Dueling has thrived in sensitive Summerset thanks to being thoroughly romanticized. Over the ages, many young Altmer have gotten a lady’s attention by happening to mention, with great exasperation and perhaps embarrassment, that they have a dueling negotiation soon. The duel may never happen, and if it does, will likely lead to no more than a scratched arm, but it makes for interesting conversation. In this way, two young gentlemer may turn a disagreement into opportunities for them both. And it is not out of the ordinary in Summerset, as in many places, for duelers to earn each other’s respect and go on to become good friends.
The rules are different for dueling with outsiders. They’re more simple and serious. Most of the formalities are abandoned, as most questions of class and precedent don’t apply. Such fine distinctions are thought mostly beyond the capacity of other races. However, for duels in Summerset, at least, a basic level of Altmeri etiquette will be demanded to satisfy archaic legal doctrines. The Trinimac-approved foils, the full reading of names, and so forth.
Dueling between Altmer and other races is inordinately common, in part because of this disparity of rules. But to be blunt, the Altmer tend to attract challenges, particularly when among men and Orcs. They say something offensive but which they believe true, and often cannot lower themselves to make amends where other races might do so.
Losing to another race is particularly disgraceful for the Altmer, but potentially less so than it would be to be cowed into a disavowal of truth. And, of course, they can save face later by alleging their opponent won through dishonorable means, if some rule of Altmeri dueling etiquette was broken. Though it is hard to find the relation between honor and pronouncing your opponent’s name correctly, or holding a foil in a certain way, or whether you choose to insult someone who you are legally stabbing. I, for one, tend not to call anyone a s’wit until I’m already stabbing them.
Many men would call the High Elves liars, but the truth is they are generally too honest. This foible leads to tensions with each other, let alone other races. But their forthrightness is actually something respectable, and worthy of some tolerance. Complaining of flaws is often associated with humility and propriety for the Altmer, as ironic as it may seem if the flaw attracting their idle comments is, say, your face, or your wife’s face. Give them the opportunity to display humility and goodwill to you in their own ways before responding drastically. This is something the Dunmer have long tried to practice in our dealings with the Telvanni, and the principle translates well enough to the Altmer.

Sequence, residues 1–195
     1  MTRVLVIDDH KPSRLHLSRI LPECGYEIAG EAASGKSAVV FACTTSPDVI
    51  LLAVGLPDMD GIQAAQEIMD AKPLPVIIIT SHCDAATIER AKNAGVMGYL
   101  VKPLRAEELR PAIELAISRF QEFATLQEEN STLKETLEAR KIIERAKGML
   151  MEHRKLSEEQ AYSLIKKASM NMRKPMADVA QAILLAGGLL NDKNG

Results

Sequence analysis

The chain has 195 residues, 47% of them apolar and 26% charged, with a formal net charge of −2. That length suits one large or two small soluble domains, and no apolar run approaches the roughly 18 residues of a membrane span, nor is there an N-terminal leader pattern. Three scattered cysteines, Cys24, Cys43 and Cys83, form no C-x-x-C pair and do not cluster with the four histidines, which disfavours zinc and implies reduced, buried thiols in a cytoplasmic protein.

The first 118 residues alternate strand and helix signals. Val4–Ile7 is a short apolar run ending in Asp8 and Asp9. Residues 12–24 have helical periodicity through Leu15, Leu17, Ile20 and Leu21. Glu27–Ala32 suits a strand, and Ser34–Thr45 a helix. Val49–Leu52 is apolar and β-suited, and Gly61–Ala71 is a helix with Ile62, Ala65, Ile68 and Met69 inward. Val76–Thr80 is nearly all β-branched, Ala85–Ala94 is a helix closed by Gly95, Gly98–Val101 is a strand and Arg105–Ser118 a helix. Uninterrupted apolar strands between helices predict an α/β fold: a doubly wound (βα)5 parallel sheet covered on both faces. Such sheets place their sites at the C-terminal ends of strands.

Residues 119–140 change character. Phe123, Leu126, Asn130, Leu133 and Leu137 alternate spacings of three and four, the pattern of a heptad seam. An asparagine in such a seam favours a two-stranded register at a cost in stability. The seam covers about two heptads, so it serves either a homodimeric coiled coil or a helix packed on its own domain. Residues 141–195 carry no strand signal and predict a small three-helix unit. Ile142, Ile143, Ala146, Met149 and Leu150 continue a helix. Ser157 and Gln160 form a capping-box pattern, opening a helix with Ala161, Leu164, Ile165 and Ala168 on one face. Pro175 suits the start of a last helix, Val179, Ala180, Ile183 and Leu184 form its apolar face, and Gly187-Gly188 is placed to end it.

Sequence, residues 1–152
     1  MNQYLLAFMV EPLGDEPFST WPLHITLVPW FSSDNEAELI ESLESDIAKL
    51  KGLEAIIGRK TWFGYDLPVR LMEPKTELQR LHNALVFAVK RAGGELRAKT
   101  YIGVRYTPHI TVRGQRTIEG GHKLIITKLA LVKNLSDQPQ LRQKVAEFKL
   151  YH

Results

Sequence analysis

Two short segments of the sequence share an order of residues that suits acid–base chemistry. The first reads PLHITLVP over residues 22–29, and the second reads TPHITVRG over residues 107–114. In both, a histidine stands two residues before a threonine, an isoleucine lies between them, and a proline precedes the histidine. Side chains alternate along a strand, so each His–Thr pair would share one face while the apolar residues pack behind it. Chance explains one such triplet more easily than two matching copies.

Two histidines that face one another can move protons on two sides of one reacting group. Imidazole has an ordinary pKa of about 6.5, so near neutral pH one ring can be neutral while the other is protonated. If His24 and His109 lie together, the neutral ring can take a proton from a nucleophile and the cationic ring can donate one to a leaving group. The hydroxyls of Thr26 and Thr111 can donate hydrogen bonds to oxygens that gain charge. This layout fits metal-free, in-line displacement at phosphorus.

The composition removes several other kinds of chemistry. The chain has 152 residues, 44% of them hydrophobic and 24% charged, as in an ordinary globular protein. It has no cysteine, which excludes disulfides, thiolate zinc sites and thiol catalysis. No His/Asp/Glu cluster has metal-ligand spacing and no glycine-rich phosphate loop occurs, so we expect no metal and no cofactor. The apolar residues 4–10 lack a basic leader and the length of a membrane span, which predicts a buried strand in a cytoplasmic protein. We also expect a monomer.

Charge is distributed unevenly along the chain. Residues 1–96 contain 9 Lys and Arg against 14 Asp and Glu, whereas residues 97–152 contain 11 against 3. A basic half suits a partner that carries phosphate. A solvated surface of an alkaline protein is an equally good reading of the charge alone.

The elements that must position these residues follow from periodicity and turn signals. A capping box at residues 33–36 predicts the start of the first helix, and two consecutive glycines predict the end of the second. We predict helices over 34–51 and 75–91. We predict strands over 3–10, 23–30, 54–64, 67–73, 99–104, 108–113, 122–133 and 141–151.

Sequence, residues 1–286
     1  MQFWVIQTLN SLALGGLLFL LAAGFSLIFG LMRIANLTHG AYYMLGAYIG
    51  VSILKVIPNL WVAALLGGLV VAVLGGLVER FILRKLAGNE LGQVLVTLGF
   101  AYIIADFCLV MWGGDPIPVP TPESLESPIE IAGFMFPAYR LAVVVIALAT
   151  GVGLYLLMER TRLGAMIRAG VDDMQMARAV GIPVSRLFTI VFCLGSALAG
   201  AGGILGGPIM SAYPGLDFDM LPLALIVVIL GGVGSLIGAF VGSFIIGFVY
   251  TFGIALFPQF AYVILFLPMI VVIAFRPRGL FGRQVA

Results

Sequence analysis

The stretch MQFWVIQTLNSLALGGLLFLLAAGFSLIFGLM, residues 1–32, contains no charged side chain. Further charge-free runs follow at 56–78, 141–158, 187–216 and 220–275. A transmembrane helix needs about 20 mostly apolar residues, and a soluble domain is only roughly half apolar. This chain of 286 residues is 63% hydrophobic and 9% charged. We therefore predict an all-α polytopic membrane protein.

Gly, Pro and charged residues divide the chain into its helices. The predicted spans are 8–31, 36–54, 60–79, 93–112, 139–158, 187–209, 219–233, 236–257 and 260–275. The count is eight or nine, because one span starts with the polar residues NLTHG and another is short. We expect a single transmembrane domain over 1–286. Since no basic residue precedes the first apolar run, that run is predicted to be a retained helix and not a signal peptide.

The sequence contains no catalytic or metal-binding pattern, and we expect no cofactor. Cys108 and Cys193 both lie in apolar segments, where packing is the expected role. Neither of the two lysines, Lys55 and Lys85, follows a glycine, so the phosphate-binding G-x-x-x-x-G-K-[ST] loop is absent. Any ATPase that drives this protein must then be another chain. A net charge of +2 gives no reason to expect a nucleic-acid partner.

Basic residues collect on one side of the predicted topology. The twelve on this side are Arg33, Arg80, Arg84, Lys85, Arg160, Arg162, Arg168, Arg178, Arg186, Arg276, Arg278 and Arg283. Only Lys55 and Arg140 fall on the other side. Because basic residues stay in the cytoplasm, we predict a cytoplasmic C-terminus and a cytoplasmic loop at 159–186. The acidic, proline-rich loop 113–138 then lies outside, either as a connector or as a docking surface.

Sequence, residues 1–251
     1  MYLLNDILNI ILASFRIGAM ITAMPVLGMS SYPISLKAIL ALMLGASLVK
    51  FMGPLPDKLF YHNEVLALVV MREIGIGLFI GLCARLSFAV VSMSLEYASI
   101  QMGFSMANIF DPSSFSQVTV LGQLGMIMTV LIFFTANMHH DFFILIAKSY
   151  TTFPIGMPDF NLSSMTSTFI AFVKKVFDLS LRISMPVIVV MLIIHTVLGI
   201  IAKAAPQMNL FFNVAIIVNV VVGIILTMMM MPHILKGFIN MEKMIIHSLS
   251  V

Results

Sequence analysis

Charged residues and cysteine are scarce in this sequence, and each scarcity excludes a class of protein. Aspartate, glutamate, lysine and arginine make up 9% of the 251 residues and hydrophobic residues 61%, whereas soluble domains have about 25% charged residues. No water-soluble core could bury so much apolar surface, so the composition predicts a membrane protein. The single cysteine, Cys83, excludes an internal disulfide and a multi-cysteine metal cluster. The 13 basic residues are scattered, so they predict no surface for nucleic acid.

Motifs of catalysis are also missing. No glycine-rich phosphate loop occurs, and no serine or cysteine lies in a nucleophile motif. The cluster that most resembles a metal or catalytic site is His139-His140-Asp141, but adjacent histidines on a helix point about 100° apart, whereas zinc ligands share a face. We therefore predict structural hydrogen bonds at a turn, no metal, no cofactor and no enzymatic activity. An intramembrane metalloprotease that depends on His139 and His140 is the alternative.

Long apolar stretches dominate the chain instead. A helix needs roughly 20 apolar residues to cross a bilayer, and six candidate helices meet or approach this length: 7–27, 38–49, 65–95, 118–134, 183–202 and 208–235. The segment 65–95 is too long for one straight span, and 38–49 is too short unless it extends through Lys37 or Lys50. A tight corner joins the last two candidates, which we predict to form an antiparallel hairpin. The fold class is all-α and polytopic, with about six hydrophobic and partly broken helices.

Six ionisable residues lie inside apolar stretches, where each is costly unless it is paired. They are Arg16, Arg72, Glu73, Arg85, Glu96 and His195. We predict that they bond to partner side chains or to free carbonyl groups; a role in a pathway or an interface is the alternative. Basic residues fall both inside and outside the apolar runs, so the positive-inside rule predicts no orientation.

I do not seek to inflame the Altmer with these words, but to help them. My hope is to reduce misguided quarreling and tragic mistakes. While the ignorant person may insult, it is far worse to insult with knowledge. Those with honor should respect the difference, and forgive the Altmer some of their more careless words.
But if it comes to it, the Altmer being challenged to duel in foreign lands will expect to know at least a time, place, choice of arms, any options to yield, and above all, if the duel is to the death, this must be made perfectly clear. I have not seen many young Altmer die in foreign lands who didn’t seem to understand what they had agreed to. Still, I have seen too many.
Sadly, these standards for outsiders may be outdated. Non-Altmer duelists should remain wary, for the rules of Altmeri chivalry seem to be changing for their leadership, and the rules of dueling may be among them. Even a mer who thinks himself honorable may feign agreement and then betray you, if he has been instructed that your race is incapable and unworthy of honorable duels.
*Author’s Note: My publishers seek only an honest living in places where an honest living is hard enough. Nothing ill should come to them from those who claim honor. My tower, Rorzel, is in the jagged icy peaks of the western Reach, roughly midway between and far north of Evermore and Markarth. I collect black and gold banners which happen by. If you must find it, come. Make my collection grow.This piece was featured in Issue 8 of The Tel Mora Independent Press.
“Gold, The Color Of Evil” (top) | Illustration courtesy of amnis406, DeviantArt
“‘r you kidding?” (bottom) | Illustration courtesy of PaniVolk, DeviantArt